Director Rick Jones, Lawrence doctoral student in theatre, calls the play a "farcical tragedy, ... an indictment of anything and everything that puts fetters on the human spirit."
Written in 1966 and aimed specifically at Czechoslovakia in the 1960s, the play is a "hilarious parody of bureaucratic silliness and recognizable by anyone who has ever held a job, registered for college classes or applied for a driver's license," Jones said.
In the play, the central character heads an unnamed government agency. After authorizing the circumvention of a silly office regulation, he is half blackmailed, half cajoled into approving a new synthetic language called Ptydepe.
"Although it is supposed to make communication more efficient," Jones said, "Ptydepe mandates that every word must differ from every other word by at least 60 percent of its letters. Words are also assigned to concepts by the relative frequency of their use. The more often a word is used, the shorter it is, so the word `whatever' is the shortest in the language, `ng,' and the word for `wombat' has 319 letters."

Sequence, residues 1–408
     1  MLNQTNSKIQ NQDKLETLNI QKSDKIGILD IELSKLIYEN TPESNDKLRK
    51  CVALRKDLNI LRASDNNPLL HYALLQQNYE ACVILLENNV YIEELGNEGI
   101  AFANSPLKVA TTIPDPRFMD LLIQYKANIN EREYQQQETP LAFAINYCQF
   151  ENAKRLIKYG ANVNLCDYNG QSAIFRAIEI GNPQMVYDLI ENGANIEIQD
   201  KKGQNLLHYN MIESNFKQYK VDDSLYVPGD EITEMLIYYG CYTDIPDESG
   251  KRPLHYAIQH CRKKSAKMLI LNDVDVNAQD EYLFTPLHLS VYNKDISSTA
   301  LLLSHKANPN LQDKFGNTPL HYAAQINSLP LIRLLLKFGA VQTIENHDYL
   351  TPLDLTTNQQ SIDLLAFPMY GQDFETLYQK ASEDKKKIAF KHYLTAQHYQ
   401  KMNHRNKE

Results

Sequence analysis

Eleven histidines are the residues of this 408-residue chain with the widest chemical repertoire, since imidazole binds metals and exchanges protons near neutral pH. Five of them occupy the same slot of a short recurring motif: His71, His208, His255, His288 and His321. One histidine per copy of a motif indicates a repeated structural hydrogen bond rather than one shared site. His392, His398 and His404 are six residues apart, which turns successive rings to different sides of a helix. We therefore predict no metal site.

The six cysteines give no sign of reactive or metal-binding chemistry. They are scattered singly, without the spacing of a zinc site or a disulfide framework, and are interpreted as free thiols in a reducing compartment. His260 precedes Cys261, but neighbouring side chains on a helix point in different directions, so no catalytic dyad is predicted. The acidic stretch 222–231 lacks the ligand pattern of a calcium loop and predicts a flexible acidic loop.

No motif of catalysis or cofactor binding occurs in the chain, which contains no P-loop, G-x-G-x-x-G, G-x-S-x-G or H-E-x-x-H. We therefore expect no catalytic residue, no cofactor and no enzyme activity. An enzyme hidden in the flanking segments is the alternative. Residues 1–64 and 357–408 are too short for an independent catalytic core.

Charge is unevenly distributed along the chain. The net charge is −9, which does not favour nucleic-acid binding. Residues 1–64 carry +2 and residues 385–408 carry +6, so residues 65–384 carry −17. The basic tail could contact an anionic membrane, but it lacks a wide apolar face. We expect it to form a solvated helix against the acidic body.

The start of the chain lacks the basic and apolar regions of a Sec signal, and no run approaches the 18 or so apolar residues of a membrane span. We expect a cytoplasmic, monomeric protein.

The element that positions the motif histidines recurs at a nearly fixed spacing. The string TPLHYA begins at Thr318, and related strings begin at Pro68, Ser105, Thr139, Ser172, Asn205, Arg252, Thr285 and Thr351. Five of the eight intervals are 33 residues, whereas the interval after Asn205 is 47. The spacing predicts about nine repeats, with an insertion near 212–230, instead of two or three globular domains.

Although the play was written more than 30 years ago, Jones said Havel's "indictments of bureaucracy, of the irrational quest for rationality, and, most important, of moral cowardice, apply to every person in every society."
Havel, president of the Czech Republic, was dramaturg and resident playwright at the Balustrade Theatre in Prague when he wrote this play.
Joining Jones on the production team for The Memorandum are Alan Yeong, Lawrence graduate student, scenic and lighting designer, and Branka Grubor, Chanute senior, costume designer.
Tickets are on sale at the KU box offices. Tickets are $8 for the public, $4 for KU students and $7 for other students and senior citizens.